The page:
2)           Expect waivers to support expansion and progress on Remote ID and UTM in 2019. Regulation remains one of the biggest drivers of the commercial drone market. New regulations such as Part 107 and LAANC (Low Altitude Authorization and Notification and Capability) in the US last year have lowered the barriers to entry for drone pilots and have enabled the industry to have quick response to access restricted airspace. Removing restrictions to fly BVLOS, especially over people and at night would significantly expand the value proposition of drone operations. US and European regulators are developing standards to implement a Remote ID requirement for commercial and recreational drones, which many in the industry see as critical to launching a UTM system in the coming years. This would scale large infrastructure inspection and enable exciting new use cases such drone package delivery and flying cars. While progress is expected on the regulatory front, full integration will likely take a few more years. Meanwhile, industry players can obtain waivers for BVLOS to expand their operations. PrecisionHawk and BNSF received the first FAA BVLOS waivers in 2016, and more than 23 have been approved in the US year-to-date based on the ability to conduct drone operations safely.

3)           Urban mobility and Smart City applications are emerging as a key long term growth driver. UTM is also critical for enabling safe Smart City and urban mobility. In Europe, traffic congestion in urban areas is estimated to cost 100 billion pounds per year, according to PwC. Many European urban planners see drones as part of an integrated and multimodal transportation. CIVITAS, a network of cities dedicated to cleaner and better transport in Europe, and European Smart Cities and Communities (EIP) Urban Air Mobility are leading urban mobility pilots and developing safe and specific corridors for repeatable flights for parcel deliveries and flying taxis.  Several passenger drones are expected to be commercially available over the coming years if safety and regulatory hurdles are cleared. Companies developing passenger and delivery drones include large aerospace, technology companies and start-ups. Significant regulatory progress was made very recently as Wing, Google’s Alphabet spinout, became the first certified Air Carrier for drones in the US, which will pave the way for consumer drone delivery.


4)           Strong commercial interest in counter-drone technologies, but most solutions are still for the military. Interest in civilian counter-drone technology is growing due to the incident at Gatwick airport over Christmas last year. Counter-drone technologies include detection and identification of rogue drones, as well as countermeasures to the intruding aircraft. Regulators are eager to implement counter-drone technologies, primarily detection and identification and envision them as part of UTM to manage air traffic and ensure safety. However, small and low flying drones are challenging to detect by most radar- networks and they are often mistaken as birds. Most countermeasures are military solutions and involve electronic jamming or laser, which are not suitable and illegal in the civilian air space.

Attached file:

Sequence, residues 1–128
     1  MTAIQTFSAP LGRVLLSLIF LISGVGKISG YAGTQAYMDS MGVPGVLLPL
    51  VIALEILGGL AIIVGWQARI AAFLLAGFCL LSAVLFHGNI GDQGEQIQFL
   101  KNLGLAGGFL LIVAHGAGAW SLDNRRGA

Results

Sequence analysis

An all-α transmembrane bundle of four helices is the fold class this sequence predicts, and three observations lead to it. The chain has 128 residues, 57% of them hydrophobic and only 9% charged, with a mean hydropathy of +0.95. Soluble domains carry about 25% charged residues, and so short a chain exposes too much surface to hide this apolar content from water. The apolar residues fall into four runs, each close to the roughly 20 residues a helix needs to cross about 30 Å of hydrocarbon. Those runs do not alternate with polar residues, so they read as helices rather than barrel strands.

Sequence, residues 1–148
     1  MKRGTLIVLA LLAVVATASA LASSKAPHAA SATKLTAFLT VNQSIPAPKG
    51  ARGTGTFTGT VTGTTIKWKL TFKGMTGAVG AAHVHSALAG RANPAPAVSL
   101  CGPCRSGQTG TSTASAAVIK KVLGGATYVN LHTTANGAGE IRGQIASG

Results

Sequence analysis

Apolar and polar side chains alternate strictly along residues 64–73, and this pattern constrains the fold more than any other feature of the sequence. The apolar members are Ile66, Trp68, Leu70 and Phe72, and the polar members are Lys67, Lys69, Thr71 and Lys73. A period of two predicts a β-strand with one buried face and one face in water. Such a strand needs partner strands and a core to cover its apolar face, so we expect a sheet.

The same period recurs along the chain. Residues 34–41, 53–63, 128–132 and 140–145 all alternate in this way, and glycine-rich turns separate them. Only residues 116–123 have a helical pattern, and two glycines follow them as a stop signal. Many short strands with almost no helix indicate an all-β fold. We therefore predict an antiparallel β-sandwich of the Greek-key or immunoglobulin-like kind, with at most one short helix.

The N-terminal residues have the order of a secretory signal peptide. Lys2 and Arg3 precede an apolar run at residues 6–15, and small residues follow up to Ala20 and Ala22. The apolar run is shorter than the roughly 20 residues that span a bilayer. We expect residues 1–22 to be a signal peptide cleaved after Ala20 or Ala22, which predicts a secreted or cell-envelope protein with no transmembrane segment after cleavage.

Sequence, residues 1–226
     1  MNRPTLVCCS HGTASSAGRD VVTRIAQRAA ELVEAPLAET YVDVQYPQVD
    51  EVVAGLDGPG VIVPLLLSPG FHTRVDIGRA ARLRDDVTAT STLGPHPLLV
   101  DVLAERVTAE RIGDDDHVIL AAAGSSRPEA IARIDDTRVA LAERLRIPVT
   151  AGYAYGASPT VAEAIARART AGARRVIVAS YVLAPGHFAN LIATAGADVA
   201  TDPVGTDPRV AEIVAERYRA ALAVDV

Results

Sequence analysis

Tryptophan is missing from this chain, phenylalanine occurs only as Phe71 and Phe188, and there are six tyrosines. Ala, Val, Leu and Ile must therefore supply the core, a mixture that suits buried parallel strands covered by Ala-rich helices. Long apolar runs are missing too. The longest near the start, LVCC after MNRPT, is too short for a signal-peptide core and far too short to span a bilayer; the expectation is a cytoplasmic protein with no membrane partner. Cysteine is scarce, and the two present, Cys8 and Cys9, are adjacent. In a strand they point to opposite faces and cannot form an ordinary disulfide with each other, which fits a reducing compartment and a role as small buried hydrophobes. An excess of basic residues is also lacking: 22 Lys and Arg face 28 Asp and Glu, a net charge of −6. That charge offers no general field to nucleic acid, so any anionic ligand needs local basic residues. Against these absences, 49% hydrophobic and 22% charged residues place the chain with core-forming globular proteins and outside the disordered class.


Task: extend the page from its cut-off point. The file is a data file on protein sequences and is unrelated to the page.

5)           2019 will be the year of autonomous drones, new sensors, data integration and AI analytics. Smaller and more affordable sensors (LiDAR, thermal, hyperspectral) are driving an explosion of new data and capabilities. To automatically ingest the data and extract value and insights, we see more software companies focused on data management, integration and analytics based on Artificial Intelligence (AI) and machine learning. Semi-autonomous drone or multi-drone operations capabilities are emerging to help enterprise to scale operations and capture data over large area and hard to reach and complex infrastructure inspection.

6)           Expect further consolidation as Telcos, Tech giants and well-funded startups look to expand into new markets. We expect industry consolidation to continue in 2019. Large corporates such as Verizon have demonstrated that drone could be a key enabler to expand into large new markets with the acquisition of Skyward. Telecom companies seek to provide connectivity to the growing drone industry and see drones as a key part of the fast growing IoT market. While chipmakers like Intel is leading drone industry regulations and data platform, it has formed partnerships and invested in multiple drone companies in the value chain.  Well-funded startups like PrecisionHawk made four acquisitions last year to create end-to-end solutions and expand into new market verticals. Lastly, more and more large enterprises are shifting from outsourcing drone operations from independent drone service providers to developing programs in-house. This trend will likely drive consolidation of companies selling to the service providers.

At Seraphim, we made several strategic investments in this sector. See our article "Drone Investment Trends; FAA Reauthorization" from November, 2018 for more information.